The team at Reductive Labs recently announced the release of version 0.25.2 of Puppet, the open source Ruby-based configuration management and automation tool for Linux and Unix servers. In this software bug-fix release, 123 open tickets were closed, and the developers claim a reduced memory footprint, improved error reporting, threading, and lock contention (a source of reported system hangs).
Continuous deployment has gained a recent buzz in the Lean-slanted "eliminate work-in-progess" movement. But while many may find this an intriguing and logically worthwhile objective, many less can visualize how this might actually be achieved. Ash Maurya helps to fill this gap by describing his experience with making it happen at his company.
Plura Processing is a SETI-like distributed network harnessing the power of tens of thousands of computers.
MySpace and Fusion-io recently announced they are working together to reduce datacenter operations costs. Using Fusion-io's ioDrive SSDs, MySpace replaced 150 standard load servers, and reduced their number of heavy load servers from 80 to 30. Overall a reduction of 51% in server footprint was achieved, and MySpace will replace over 1700 of their remaining 2U servers as they reach end-of-life.
FlightCaster recently open sourced Crane, a tool for distributing and remotely controlling Clojure instances, currently specialized for EC2. Incanter is a Clojure library and tool that makes R-like statistical computations easy with Clojure. Also: the build and dependency management tool Leiningen 1.0 is now available.
Microsoft has announced the opening of 2 new data centers, one in Dublin, Ireland, and another in Chicago, US. These data centers are a preparation for the announcement Microsoft is going to make at PDC 2009 regarding the commercial availability of Windows Azure services.
IBM announces three new ways for businesses to utilize cloud computing: standardized services on the IBM cloud, private cloud services behind the firewall (managed by the business or IBM) and Cloud burst a way to seamless incorporate secure public clouds to accommodate "overflow" demand for services.
We take a look at 3 tools that will help streamline Ruby projects. Hoe 2.0.0 sets up projects and is now extensible with plugins. YARD is a documentation generator like RDoc and it's now powered by a new faster parsing strategy. Finally: Whenever takes care of defining and updating your crontab file - and it's configured with Ruby code.
GitHub now offers an installable version of the service for users who want to keep their code inside their network - and it's built on JRuby. TorqueBox is a new solution for running JRuby on Rails on JBoss, complete with integration for job queues and SIP integration Also: EngineYard announced it will start providing JRuby as a hosting option in July.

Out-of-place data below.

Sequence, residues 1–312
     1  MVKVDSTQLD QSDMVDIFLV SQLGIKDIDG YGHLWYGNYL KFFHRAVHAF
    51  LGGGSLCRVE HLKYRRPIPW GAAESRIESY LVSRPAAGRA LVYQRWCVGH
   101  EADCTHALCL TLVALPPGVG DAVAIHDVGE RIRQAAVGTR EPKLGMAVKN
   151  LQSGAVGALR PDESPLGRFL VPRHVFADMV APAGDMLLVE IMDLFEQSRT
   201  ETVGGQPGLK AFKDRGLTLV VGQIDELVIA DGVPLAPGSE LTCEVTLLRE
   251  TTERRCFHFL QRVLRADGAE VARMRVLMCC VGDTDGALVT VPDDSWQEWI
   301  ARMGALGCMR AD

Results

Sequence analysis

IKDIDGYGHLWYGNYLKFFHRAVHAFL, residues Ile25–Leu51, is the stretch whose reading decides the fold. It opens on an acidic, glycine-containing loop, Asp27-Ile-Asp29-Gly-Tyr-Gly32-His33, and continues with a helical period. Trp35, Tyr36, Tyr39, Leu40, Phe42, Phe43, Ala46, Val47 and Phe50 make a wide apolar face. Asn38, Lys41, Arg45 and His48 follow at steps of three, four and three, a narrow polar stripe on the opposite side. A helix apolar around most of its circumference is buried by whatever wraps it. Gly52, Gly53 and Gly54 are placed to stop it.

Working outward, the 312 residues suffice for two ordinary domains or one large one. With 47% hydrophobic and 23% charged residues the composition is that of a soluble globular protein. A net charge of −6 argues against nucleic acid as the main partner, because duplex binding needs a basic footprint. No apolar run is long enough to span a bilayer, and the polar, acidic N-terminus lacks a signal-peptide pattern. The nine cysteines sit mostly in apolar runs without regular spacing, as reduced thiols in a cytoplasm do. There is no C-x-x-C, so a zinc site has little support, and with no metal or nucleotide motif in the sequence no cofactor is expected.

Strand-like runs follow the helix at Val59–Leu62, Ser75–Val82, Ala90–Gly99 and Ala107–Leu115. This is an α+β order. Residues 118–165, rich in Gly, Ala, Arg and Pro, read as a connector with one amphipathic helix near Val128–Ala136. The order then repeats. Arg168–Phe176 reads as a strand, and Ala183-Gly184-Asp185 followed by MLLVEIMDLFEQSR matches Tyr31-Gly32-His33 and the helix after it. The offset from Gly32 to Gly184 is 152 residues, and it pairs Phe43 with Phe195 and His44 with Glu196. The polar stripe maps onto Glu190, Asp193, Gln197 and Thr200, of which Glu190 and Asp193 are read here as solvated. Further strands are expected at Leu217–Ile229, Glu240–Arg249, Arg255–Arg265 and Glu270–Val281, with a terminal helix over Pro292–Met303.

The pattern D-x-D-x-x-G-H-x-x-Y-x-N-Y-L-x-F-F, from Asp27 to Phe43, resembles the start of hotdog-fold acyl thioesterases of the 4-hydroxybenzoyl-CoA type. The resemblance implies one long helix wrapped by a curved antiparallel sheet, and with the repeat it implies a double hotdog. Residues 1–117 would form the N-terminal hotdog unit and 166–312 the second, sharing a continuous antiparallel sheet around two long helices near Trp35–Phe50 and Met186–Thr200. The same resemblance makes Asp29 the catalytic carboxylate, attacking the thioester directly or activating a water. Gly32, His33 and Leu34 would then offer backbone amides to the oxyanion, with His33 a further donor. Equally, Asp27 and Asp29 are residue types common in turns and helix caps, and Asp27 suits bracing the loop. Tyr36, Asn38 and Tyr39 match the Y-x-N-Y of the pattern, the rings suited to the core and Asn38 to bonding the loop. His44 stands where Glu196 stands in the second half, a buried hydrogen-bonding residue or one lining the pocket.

In a recent podcast, James Gosling talked to Danny Coward about the significance of Sun's new Hotspot garbage collector Garbage First for developers of large-scale enterprise systems.
The sooner that a feature gets into production, the sooner it starts adding value. The quicker a system can change in response to user feedback, the easier it is to keep the users happy. Timothy Fitz and Joe Ludwig have recently published articles that describe practical implementations of continuous deployment, a process that reduces the release cycle from weeks to minutes.
The recent announcement Jamis Buck is ending development of Capistrano has left many wondering the future of this deployment tool. The release of Vlad 1.3 gives others hope as an alternative.
Chef, a new Ruby-based configuration and provisioning tool, has been announced. Chef offers integration with multiple tools and platforms across extended networks, using "cookbooks" to define how to install and update applications across large networks like large web server farms, or cloud-computing platforms.
Green computing is becoming more and more important every day. System architects need to take into account energy consumption and to find ways to reduce it through: system virtualization, server consolidation, smart unit positioning in data centers, and others.
A growing number of fully fledged software stacks for Ruby is available, providing all the necessary software you need to run an application, including web and database servers. They come in different flavors: virtual machine images, Amazon EC2 images and installer based. We take a look at some of them to give you an overview.